I am a big proponent of retirement planning, and planning now. One way to give to our families is by naming spouses and/or children as beneficiaries of IRA’s, 401(k)s, etc. Not only designating beneficiaries, but apprising family members that they are the recipients of such a gift. And then follow up with education on prudent investing when the funds transfer to their possession. Several different retirement options allow significant contributions, tax deductions, and ample time for growth and compounding. Of course, it is always important to consider risk, inflation, tax bracket, and investment time horizon, etc. when considering how to invest retirement monies.
Another option to ensure future generations benefit from your financial success is to establish trust. Trusts specify to whom assets are to be allocated and of course, are legally binding. Trusts also aid in estate planning and reconciling this aspect of financial planning. Most importantly, as my client did, make it a priority to leave a financial legacy.
My trip was enlightening as it reminded me that it isn’t all about me or us, but about what we give to others and the principle this instills in ourselves and in our families. Leaving a financial legacy to our families and future generations is empowering to both the giver and the recipient, and it is a gift that can grow for years to come.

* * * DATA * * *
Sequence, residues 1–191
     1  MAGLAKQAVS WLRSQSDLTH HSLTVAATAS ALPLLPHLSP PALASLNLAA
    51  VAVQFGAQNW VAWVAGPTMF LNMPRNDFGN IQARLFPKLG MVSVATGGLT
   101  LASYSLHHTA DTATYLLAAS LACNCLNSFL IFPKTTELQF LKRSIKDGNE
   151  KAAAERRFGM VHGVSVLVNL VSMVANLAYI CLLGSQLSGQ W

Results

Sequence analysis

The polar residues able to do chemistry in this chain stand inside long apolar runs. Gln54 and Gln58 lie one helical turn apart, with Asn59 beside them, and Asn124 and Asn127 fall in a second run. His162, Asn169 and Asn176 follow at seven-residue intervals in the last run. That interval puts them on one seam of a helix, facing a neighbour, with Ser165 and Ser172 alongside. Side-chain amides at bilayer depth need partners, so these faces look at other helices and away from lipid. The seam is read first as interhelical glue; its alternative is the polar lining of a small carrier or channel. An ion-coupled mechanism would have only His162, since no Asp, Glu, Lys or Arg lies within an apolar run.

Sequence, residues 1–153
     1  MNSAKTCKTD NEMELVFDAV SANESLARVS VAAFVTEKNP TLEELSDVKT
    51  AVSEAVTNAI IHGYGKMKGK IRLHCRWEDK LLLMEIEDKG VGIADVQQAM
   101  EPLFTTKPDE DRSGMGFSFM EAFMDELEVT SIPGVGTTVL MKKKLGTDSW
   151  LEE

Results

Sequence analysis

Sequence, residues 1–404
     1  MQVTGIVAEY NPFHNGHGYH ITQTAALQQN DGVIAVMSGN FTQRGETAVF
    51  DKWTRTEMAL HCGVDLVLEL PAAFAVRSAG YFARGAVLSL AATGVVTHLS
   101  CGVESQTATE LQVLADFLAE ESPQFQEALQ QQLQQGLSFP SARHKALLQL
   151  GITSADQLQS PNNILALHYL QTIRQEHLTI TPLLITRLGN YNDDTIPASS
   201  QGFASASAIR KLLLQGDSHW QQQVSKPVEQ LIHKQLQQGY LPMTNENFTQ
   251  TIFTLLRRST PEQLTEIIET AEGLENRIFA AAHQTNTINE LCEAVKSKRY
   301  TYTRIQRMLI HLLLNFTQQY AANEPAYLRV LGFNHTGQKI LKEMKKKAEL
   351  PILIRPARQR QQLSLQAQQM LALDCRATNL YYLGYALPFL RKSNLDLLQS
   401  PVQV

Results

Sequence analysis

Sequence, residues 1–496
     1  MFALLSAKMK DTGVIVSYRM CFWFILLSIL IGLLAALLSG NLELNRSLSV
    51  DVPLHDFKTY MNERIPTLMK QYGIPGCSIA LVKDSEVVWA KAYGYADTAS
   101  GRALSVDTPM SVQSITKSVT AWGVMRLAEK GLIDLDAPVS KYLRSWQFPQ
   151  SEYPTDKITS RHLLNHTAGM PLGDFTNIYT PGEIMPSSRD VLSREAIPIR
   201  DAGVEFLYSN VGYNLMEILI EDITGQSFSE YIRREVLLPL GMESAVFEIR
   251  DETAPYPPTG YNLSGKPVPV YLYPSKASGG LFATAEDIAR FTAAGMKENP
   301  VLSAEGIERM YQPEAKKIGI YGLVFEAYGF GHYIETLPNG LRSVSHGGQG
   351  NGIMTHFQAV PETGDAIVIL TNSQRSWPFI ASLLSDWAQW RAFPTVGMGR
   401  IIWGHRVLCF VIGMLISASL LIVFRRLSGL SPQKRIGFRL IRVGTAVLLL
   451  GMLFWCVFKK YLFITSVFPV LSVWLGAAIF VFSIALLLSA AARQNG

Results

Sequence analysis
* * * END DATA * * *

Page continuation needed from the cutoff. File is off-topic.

Written by Dave Young, President
For people who invest (and even people who don’t), taxes have always been a hot topic. Unfair taxation caused many of our forefathers to abandon England and start their own country—and eventually hold a certain famous tea party in Boston Harbor.
Fortunately, we don’t have to resort to such drastic measures today, but taxes are still an emotional issue. Just look at what you’re up against: You work hard to earn a paycheck. But before you ever see the check, you give a portion of it to pay state and federal income taxes. Then you pay social security and Medicare. After you deposit the rest in your bank account, you still have to pay sales tax on anything you buy. Then, you’ve got property taxes, taxes on your cars, taxes on gasoline, and the list goes on and on. Finally, when you die, you get taxed on whatever is still left of your estate. In other words, you get taxed when you earn it, spend it, and ultimately die with it.
We’ve all participated in more than a few heated debates about who should pay more taxes and who should pay less. The only agreement I’ve ever heard regarding taxes is that someone else should pay them. With all of the rhetoric and emotions surrounding taxes, I decided to find out who really pays the most taxes. Here’s what I found out:
The Top 1% of income earners pay 34 % of all taxes
The top 10% of income earners pay 66 % of all taxes
The bottom 50% of income earners pay 3 % of all taxes
Studies by the Tax Foundation show that about 136 million income tax returns were filed in April. Of these, about 43 million families will show no tax payable. Since another 15 million families file no returns at all, about 58 million Americans will pay zero tax.